It’s almost trite, but I’ve still got to do it. Clay Shirky—the social pundit with the funny name—has a new column out entitled “A Group Is Its Own Worst Enemy” that is over 10,000 words long. Umm, column? How about treatise? I’m on page six of a single-spaced, thirteen-page printout—I would have been further along, but I was in an all-staff meeting and I had to look like I was participating at times—but so far, it’s a real page turner!
The subject of his paper is how groups distort online communities towards particular ends over and over again. It’s a great elaboration of some basic research and hovers around the same topic that Derek Powazek’s great book Design for Communities covered. Shirky’s focus, though, is on social software, which he defines as “software that supports group interaction,” instead of community Web sites. There’s a lot of stuff there to ponder, and I’ll probably write up my thoughts more completely once I’ve finished the paper.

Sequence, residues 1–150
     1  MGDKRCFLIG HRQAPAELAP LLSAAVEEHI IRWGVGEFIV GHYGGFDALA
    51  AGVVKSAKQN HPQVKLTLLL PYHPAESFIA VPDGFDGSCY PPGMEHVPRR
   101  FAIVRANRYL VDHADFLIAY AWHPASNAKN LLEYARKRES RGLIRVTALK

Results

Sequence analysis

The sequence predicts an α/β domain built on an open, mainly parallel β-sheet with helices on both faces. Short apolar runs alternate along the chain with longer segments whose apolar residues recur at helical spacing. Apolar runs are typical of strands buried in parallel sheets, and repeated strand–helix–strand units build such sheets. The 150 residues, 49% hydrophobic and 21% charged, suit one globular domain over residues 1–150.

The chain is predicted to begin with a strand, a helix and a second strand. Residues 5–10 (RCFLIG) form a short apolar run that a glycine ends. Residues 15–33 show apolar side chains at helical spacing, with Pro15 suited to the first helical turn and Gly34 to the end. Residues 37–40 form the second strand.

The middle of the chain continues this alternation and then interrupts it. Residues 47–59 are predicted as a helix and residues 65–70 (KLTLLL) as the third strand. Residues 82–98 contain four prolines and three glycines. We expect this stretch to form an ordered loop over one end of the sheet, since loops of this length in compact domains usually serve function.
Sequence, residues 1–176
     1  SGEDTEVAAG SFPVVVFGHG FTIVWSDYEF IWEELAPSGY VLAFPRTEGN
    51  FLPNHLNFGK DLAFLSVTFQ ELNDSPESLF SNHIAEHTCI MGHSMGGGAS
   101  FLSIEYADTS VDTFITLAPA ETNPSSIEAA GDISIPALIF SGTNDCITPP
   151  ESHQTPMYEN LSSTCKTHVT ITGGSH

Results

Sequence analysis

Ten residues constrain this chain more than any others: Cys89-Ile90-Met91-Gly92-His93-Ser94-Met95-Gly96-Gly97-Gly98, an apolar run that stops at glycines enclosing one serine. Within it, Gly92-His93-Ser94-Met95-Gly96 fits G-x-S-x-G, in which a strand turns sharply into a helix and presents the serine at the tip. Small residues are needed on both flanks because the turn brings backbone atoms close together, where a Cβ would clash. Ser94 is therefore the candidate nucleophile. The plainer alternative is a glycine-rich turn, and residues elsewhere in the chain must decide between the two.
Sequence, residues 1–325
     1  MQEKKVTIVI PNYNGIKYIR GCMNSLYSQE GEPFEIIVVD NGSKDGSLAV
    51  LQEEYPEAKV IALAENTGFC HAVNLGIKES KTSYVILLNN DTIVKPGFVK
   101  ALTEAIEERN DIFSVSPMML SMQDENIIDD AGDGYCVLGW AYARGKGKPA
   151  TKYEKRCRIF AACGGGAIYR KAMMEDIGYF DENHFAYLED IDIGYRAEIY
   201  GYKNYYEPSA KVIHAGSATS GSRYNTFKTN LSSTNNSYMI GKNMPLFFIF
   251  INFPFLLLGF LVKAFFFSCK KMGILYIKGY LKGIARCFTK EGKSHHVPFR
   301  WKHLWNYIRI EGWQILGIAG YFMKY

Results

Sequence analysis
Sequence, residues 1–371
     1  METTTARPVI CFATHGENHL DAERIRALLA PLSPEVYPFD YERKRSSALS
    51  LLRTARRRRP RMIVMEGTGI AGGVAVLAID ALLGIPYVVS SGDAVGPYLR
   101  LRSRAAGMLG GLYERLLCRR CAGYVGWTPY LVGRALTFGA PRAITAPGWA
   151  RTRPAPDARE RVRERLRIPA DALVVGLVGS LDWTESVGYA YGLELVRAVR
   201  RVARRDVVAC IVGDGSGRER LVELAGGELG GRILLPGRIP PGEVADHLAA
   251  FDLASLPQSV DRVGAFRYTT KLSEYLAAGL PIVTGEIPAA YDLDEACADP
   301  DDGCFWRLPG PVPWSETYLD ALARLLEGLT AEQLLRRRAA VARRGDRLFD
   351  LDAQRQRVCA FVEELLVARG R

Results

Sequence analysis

If you get through this paper, I would highly recommend catching up on some of his other essays like “Power Laws, Weblogs, and Inequality” or “Half the World.” If you like what you see, then subscribe to his NEC newsletter and get a regular Shirky fix.